• He wanted to do a story about the death of Kyle Nolan
      • Kyle went to Peru, where it’s common to go to have an Ayahuasca experience with a shaman, and he ended up disappearing
      • He ended up dying (cause of death not determined), and the supposed “shaman” just buried him in a pit
      • This shed light on how dangerous it is to go to places like Peru for Ayahuasca experiences – “People care more about what they perceive as traditional, than what is effective or safe”
        • Some shamans don’t even watch over you during the trip
  • Ayahuasca is very easy to make – “The idea that you have to go to a foreign country and be with a different culture to experience it, is flawed”
    • “It doesn’t make your experience non valid if it wasn’t conducted in South America”
  • “Exactly what makes an Ayahuasca experience difficult, is what makes it valuable. To have that experience, by yourself, with no one explaining anything to you, to be confronted by the full magnitude of the mystery, with an absence of explanation, is one of the most powerful experiences that you can have.”
  • What is some internal self talk, that you can use, to help shed some positive light on these large existential questions you’re facing during an Ayahuasca experience?
    • “The more you can direct these things towards values that will help your life – that’s good. Too much destabilization isn’t healthy.”
  • Hamilton describes his first really strong Ayahuasca (which was Pharmahuasca – aka synthetic DMT with Moclobemide) experience …while his friend was watching Seinfeld in another room
    • “I came out of it thinking ‘That was a deconstruction of everything I have ever known and ever will know. I didn’t know who I was, I didn’t know what year it was, time had completely deconstructed.'”
  • Hamilton says that at lower doses, Ayahuasca has had much more practical benefit for him
    • He describes a situation in which he took 45 mg of DMT w/ 300 mg of Moclobemide while writing, and how effective it was at making him really enjoy the process
    • He thought some nicotine gum would enhance his writing even more, but then he realized – “This is the thought that underlies all compulsive behaviors and addiction. ‘It’s not good enough the way it is.’ The nicotine gum is already inside me, I already am the nicotine gum. I don’t need this. It’s my acetlycholine receptors that would have been activated by the gum. I can activate them on my own.”
      • This is why many psychedelics have an anti-addictive effect
  • An alkaloid found in the roots of a central West African plant called Tabernathe iboga
    • An alkaloid is material isolated from a plant that contains a basic nitrogen atom
  • “It’s a pretty amazing molecule”
  • It’s very difficult to synthesize
  • It’s been found to be very effective at stopping opioid addiction
    • However, it’s a schedule 1 drug, so this effect hasn’t been studied as much as it should have
    • It also seems to work for many other compulsive behaviors – alcoholism, methamphetamine addiction, OCD
    • Hamilton’s guess is that there are alternative dosing strategies, like micro dosing or taking lower doses over longer periods of time, that may result in similar anti compulsive behavior effects – compared to taking a single high doe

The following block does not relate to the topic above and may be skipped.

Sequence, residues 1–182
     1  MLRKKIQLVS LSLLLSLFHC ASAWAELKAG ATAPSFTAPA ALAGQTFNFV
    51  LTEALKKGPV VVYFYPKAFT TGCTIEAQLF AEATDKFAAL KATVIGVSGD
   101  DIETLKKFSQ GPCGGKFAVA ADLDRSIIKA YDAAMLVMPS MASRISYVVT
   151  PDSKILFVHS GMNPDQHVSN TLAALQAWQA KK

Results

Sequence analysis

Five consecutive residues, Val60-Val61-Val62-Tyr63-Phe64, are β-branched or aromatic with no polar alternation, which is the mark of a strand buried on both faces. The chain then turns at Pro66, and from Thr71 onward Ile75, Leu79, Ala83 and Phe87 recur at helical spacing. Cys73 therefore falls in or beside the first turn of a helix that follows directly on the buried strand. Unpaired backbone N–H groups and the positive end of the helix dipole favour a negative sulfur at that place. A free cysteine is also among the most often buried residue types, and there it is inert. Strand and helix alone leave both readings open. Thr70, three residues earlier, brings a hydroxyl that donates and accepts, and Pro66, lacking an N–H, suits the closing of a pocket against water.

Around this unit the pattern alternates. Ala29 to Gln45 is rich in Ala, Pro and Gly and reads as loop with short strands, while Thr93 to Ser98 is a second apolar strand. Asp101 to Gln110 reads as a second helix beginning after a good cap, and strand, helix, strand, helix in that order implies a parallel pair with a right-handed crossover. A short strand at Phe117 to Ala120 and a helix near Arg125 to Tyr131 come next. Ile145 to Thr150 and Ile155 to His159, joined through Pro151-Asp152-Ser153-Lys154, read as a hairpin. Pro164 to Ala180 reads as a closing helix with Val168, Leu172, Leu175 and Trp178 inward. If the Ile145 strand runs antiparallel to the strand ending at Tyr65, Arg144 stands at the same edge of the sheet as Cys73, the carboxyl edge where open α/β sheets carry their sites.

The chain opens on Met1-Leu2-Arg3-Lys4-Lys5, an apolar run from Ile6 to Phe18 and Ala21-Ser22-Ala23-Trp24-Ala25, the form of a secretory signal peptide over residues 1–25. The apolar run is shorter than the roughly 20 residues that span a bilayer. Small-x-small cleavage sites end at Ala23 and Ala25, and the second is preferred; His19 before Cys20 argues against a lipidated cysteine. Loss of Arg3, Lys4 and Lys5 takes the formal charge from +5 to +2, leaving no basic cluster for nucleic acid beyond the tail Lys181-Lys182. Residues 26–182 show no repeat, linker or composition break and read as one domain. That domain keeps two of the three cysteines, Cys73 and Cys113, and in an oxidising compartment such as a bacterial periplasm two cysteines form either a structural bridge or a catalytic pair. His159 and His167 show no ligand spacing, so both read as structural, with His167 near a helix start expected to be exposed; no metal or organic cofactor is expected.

• It is cardio toxic – it’s been associated with a number of deaths
  • Ibogaine seems to have an effect on the protein GDNF (glial cell line-derived neurotrophic factor)
    • This protein is very useful in the treatment of Parkinson’s disease
    • GDNF, which ibogaine tends to release, causes the regrowth of dopaminergic neurons (Parkinson’s results from the loss of dopaminergic neurons)
    • There’s an underground community of people, who report taking 20 mg of ibogaine daily to treat Parkinson’s disease
    • “It’s very sad to see the same treatments being used for Parkison’s disease that were used 30-40 years ago”
  • Ibogaine also seems to have anti-depressive effects

Smart Drugs and Nootropics
  • “There’s a major problem with self-assessment in the realm of nootropics. Just because something makes you feel smarter, does not mean you are smarter.”
  • A quick detour into the Duning-Kruger effect
    • This essentially says the more competent someone is in a given task, the more likely they are to underrate their ability and vice versa
    • So would a true cognitive enhancer make you feel increasingly aware of all the things you don’t know? What does a true nootropic do?
  • It seems that most people can agree, an improved memory is a good marker for smart drug effectiveness
  • What has Hamilton found effective?
    • Nicotine improves memory and increases focus – Hamilton uses nicotine gum (he doesn’t give the dose)
      • It helps him read scientific texts
    • Caffeine
    • Ritalin on occasion
      • “Stimulants are addictive. It’s a bad habit to get into. But I’d be dishonest if I didn’t say low dose (10mg) Ritalin didn’t help me.”
Wrapping Up
  • “I can’t overestimate the value of the book Pikhal: A Chemical Love Story for understanding these things. It’s a fantastic book. It will tell you everything you need to know about psychedelics and drugs in general, and it’s a really great love story.”
  • Tim’s highly recommends Hamilton’s show, Hamilton’s Pharmacopeia
  • Tim thinks Hamilton should have his own podcast